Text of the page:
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Author Topic: [Hypothetical] What if Bitcoin were to restart tomorrow?  (Read 4345 times)
CurbsideProphet
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July 15, 2011, 01:17:54 AM
 #1

Let me start off by saying this is not a thread about "early-adopter" envy.  They took the risks and had the foresight.  High risk should reap high reward.

Now, I don't have exact numbers so I'll have to use hypothetical ones in my example.  Lets assume that there are currently 100 early adopters and the Bitcoin community is roughly 5,000 to date.

Would Bitcoin be better off, in the long-term, if it were to restart tomorrow?  The reason I ask is because the MtGox hack essentially showed that a small (~8%) portion of outstanding Bitcoins can unstabilize the market so greatly to the point where it reduced the price to $0.01.

5,000 people is not very much should Bitcoin ever become widely accepted.  But the distribution of BTC's would be significantly greater with 5,000 early adopters compared to 100.  Essentially with a greater distribution, it would take more people going rogue to cause a massive disruption to the Bitcoin economy.  If Bitcoin truly is not a ponzi scheme or pure speculation, wouldn't it's ability to surive be improved by having the outstanding BTC's more evenly distributed?

Also, if you think about it, to a certain degree early adopters are only "paper rich."  Lets say for example that early adopters in aggregate hold 2 million of the outstanding Bitcoins (again hypothetical #).  This would give them a current worth of roughly $28 million USD.  However, as we have already seen, 500,000BTC's can bring the price down to zero.  So really, there's no current market to sell those $2 million coins.  The price would drop substantially before you are able to liquidate so your true wealth is actually much lower.

Again, I'm not really advocating taking away anything from the early adopters (as if I had that ability anyway), I just have to wonder, if we're really talking about Bitcoin as a greater good, wouldn't it be better off with a wider distribution?

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July 15, 2011, 01:22:23 AM
 #2

I wish the world economy would restart and everyone could be issued one million dollars  Smiley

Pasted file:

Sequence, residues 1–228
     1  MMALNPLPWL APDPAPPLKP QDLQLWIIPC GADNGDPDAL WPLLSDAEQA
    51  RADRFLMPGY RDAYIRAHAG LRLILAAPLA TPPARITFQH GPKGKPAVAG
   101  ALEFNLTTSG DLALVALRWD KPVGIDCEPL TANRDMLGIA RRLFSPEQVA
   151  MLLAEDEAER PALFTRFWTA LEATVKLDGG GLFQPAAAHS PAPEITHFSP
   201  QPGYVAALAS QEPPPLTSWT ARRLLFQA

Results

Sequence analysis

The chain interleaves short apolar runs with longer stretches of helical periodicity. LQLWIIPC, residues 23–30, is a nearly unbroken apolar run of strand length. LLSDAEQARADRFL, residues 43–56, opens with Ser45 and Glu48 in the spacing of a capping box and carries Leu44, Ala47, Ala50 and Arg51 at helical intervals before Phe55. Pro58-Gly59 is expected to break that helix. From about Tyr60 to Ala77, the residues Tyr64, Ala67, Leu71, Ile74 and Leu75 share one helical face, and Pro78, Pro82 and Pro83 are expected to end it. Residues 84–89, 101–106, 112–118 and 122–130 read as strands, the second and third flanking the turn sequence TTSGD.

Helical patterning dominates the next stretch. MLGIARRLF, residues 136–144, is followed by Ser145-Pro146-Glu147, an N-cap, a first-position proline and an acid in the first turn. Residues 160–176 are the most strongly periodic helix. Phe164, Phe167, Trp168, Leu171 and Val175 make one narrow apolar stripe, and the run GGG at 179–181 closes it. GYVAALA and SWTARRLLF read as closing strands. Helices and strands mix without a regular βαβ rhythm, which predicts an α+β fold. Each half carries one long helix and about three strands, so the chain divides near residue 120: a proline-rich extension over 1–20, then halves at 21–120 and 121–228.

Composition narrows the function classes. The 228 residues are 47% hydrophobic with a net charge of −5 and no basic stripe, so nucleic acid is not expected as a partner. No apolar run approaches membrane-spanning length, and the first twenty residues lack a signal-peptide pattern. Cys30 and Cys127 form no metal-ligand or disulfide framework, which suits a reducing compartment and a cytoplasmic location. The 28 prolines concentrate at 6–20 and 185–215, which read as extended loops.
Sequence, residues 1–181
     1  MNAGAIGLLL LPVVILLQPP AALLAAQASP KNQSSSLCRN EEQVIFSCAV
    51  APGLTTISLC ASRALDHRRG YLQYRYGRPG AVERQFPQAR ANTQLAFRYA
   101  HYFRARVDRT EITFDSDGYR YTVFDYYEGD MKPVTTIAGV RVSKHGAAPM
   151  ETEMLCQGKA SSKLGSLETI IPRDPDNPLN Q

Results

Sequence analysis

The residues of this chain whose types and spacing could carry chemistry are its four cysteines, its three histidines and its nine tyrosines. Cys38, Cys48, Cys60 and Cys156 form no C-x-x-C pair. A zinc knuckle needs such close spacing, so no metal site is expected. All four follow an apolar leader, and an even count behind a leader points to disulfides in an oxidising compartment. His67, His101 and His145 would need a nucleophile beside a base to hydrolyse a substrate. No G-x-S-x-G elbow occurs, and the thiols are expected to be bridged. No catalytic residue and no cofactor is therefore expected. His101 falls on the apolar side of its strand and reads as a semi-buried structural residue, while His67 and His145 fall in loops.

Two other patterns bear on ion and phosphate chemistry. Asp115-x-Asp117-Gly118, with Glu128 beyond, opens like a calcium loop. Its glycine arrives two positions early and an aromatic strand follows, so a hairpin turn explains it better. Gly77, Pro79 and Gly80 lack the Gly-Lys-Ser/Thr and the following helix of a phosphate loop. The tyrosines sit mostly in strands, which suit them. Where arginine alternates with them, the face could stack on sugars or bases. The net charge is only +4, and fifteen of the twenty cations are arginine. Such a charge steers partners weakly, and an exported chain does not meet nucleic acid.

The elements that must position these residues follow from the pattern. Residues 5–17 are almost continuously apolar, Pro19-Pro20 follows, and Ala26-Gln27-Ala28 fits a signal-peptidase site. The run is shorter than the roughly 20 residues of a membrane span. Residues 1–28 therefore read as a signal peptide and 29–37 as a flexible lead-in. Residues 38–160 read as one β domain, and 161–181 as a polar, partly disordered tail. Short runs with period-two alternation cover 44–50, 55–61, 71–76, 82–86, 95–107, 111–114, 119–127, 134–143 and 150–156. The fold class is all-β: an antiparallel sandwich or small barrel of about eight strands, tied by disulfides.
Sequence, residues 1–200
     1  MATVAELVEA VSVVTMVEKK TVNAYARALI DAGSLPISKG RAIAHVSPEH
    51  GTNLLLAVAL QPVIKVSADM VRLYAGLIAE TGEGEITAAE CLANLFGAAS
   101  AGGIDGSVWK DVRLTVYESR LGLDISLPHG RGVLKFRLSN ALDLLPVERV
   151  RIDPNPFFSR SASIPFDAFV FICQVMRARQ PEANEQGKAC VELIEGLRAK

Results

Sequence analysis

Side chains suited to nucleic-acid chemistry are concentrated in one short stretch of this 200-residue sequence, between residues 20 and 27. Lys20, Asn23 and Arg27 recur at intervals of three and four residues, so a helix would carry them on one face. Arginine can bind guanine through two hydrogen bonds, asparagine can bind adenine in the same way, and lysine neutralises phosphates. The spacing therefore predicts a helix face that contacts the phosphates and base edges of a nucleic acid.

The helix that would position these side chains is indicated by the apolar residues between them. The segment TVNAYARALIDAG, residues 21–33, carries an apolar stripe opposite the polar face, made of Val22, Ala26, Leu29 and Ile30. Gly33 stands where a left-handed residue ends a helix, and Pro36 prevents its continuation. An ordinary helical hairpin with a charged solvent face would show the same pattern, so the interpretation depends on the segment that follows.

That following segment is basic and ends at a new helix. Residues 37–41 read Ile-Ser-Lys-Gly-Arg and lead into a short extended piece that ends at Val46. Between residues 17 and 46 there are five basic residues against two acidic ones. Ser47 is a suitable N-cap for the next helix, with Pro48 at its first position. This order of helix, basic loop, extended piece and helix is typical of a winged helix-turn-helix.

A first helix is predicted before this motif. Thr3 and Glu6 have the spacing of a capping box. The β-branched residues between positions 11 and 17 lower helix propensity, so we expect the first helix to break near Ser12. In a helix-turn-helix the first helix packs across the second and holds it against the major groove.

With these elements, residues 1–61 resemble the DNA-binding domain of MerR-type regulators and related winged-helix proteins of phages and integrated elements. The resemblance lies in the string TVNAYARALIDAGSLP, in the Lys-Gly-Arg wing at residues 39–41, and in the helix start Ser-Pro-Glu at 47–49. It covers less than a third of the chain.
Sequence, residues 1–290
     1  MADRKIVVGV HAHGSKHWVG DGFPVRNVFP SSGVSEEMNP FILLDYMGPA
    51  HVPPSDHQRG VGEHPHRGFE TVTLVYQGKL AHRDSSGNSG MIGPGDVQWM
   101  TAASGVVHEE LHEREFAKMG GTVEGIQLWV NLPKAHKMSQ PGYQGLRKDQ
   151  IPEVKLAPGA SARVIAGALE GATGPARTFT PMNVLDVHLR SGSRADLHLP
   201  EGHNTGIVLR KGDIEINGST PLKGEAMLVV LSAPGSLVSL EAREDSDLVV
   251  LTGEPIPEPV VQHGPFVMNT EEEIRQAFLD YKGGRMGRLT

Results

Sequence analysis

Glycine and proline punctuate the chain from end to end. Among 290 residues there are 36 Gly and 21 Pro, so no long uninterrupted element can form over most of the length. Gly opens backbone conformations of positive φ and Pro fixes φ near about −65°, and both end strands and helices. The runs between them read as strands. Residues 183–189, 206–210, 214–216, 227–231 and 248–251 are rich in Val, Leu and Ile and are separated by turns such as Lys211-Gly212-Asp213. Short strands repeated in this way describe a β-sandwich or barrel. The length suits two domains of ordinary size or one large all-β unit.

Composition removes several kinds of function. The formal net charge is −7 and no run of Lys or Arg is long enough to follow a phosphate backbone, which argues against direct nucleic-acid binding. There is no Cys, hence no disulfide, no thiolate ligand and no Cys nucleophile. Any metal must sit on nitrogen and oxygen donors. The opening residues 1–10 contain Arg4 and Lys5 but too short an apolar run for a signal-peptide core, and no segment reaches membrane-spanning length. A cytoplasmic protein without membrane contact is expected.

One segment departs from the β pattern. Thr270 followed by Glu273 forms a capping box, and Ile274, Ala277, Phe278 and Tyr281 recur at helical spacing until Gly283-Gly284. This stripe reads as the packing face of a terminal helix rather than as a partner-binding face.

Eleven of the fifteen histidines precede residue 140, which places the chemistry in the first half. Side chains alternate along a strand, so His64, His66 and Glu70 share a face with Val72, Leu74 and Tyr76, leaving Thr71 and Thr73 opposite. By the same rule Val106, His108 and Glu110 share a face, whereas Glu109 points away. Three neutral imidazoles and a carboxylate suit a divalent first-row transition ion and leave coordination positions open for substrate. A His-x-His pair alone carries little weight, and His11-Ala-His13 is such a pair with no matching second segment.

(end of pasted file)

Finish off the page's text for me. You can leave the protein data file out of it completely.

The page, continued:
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July 15, 2011, 01:27:35 AM
 #3

You could start your own block chain anytime you wanted. The question is, would anyone join you?

As for wider distribution, that's easy enough; there's plenty of BTC available for anyone who wants it. You just have to convince people to buy it.

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July 15, 2011, 01:27:47 AM
 #4

Executive Summary:

1.) This isn't about early adopters profiting. (Nice setup, nearly believed you.)

2.) The market can't absorb all of their bitcoins at once and not decline precipitously. (I'll file this under 'no kidding'.)

3.) Hey guys, can't we just reset it and redistribute everything? (Awww, and you nearly went the whole post without whipping this out.)

Always with the redistribution. May this thread die in a fire.

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July 15, 2011, 01:32:48 AM
 #5

Would you actually invest resources in Bitcoin after that kind of precedent? Any system where that is possible is not going to hold any value.

The "paper rich" issue isn't any different for "late adopters" either. In aggregate they cannot all cash out to the some other currency at the current rate either. All exchange rates are a reflection of marginal value comparisons.

The people who are hurt by not being able to sell lots of coins at the same price as a few coins are the people who have a lot so the incentives are right for individuals acting in their own self interest to distribute coins more evenly over time.  

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July 15, 2011, 01:57:08 AM
 #6

Why is this topic so taboo that it can't be discussed even hypothetically?  What I'm trying to say is if you believe in Bitcoin as a viable long-term P2P currency then you need to identify the inherent risks to its longevity.  Shouldn't the fact that a very small portion of the overall community having the ability to bring BTC to its knees be at least something to discuss?

I don't understand why early-adopters need to be treated as gods and any sort of topic that comes up is automatically met with, "oh yeah just another guy trying to get rich off them."  As if my ONE thread can somehow re-write history...

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July 15, 2011, 01:58:51 AM
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If bitcoin goes mainstream, then we might all be early adopters. Maybe in 5 years people will be saying, "there are people out there who have 100,000 mBTC just because they got on board early, would things be better if we just restarted?"

Bitcoin is only here because people before us carried the banner. I know this is a hypothetical, to getting into the nitty gritty details is pointless, but surely you have to see that the reason why bitcoin is growing and has lasted this long is because of early adopters. They took a gamble, and it is paying off. We, the midterm adopters, are also taking a gamble. But the odds have changes, and success is more likely then it was a year ago, so you have to put more in to get a share of the pie.

This is pretty much the same as investing in a company. Early investors might get millions of shares cheap. But no later investor would say, "man, two years ago I could have bought 100 times the shares for the same amount, this is something that should be addressed." That is because they understand that investing earlier was more of a risk. Sure it was cheaper, but payout was way more uncertain. Why can't bitcoin enthusiasts understand the same thing?

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July 15, 2011, 01:59:56 AM
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Time machine....  Wink

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July 15, 2011, 02:00:07 AM
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Proletarians of all countries, unite!

The op sounds like he was reading back last nights notes from the "People's Central Economic Planning Committee".
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July 15, 2011, 02:03:10 AM